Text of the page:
The Trump administration “likely” exceeded its legal authority with its order to ban TikTok downloads in the U.S. and impose other restrictions on the video-sharing platform, a federal judge wrote in a legal opinion disclosed Monday.
Unpacking the decision: U.S. District Court Judge Carl Nichols said that while President Donald Trump has “broad” authority to declare national emergencies and prohibit business dealings with foreign entities that pose a national security risk, TikTok appears to be exempt from such action as a “personal communication” service that oversees “informational materials.”
The Trump administration is seeking to restrict TikTok’s U.S. operations in part by using the International Emergency Economic Powers Act, which allows the president to set limits on foreign transactions during a declared national emergency. Trump invoked the law in his August executive orders targeting TikTok, owned by Chinese tech giant ByteDance.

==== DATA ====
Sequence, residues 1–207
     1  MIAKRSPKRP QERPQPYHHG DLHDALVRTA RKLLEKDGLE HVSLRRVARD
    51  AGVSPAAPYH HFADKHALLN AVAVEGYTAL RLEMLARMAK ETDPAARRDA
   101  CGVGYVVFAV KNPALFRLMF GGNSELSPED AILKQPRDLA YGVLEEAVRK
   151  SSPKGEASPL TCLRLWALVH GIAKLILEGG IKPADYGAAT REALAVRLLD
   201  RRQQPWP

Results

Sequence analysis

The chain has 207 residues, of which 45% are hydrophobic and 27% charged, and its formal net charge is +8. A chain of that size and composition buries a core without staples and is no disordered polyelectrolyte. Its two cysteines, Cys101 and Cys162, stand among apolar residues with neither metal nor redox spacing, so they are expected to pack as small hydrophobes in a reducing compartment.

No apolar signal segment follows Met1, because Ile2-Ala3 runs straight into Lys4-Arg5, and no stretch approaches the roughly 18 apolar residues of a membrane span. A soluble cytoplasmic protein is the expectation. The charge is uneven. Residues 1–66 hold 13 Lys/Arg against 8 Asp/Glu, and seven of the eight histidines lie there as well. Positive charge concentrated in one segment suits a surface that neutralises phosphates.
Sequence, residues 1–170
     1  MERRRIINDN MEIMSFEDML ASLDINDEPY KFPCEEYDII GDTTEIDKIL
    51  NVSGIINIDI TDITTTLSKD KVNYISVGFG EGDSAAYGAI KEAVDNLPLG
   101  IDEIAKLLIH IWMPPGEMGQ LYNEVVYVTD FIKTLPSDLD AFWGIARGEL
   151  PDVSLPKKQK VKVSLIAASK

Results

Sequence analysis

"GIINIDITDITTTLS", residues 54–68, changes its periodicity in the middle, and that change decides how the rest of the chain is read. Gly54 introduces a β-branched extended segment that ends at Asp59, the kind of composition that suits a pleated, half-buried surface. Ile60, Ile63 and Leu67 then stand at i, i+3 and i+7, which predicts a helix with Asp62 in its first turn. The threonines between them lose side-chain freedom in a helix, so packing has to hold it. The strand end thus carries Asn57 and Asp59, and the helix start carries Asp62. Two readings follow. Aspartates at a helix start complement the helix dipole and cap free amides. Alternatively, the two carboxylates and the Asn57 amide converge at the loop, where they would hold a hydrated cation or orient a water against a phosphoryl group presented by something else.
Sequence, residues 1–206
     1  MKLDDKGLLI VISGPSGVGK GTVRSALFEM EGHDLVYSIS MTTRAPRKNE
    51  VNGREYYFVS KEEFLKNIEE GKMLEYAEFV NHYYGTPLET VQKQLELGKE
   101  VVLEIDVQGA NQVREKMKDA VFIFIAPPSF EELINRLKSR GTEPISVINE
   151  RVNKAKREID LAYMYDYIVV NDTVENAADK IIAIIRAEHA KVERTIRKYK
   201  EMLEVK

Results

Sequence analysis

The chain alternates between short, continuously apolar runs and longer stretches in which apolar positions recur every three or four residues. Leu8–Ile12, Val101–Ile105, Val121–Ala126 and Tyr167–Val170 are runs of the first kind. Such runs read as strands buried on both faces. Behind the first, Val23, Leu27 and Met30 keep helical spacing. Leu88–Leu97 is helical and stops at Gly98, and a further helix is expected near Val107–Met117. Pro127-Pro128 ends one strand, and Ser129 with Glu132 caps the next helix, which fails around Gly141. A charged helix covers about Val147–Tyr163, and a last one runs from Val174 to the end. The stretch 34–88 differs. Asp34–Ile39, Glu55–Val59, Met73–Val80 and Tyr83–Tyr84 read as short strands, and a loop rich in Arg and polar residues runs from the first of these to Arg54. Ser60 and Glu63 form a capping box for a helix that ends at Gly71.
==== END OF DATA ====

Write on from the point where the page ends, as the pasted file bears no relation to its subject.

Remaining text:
Nichols, a Trump appointee, granted TikTok’s request to halt administration’s proposed download ban late Sunday, hours before it was set to take effect. While the ruling was made public Sunday evening, his opinion explaining the decision was not disclosed until Monday.
The Commerce Department said in a statement Sunday that while the federal government “will comply with the injunction,” they intend to “vigorously defend” Trump’s executive orders. TikTok hailed the ruling in a statement, adding, “We will continue defending our rights for the benefit of our community and employees.”
The battle rages on: The legal teams for TikTok and the Trump administration are expected to meet by no later than Wednesday to propose next steps in the case, which will weigh whether the administration violated the company’s rights through its executive orders. The courtroom battle is playing out as ByteDance and TikTok negotiate a deal to sell stakes in the app to two U.S companies, Oracle and Walmart, in a bid to satisfy the Trump administration’s national security concerns.
The Trump administration has expressed fear that U.S. consumer data on TikTok could fall into the hands of Chinese government officials due to its parent company’s roots in Beijing. TikTok has maintained it does not and would not share data with the Chinese government.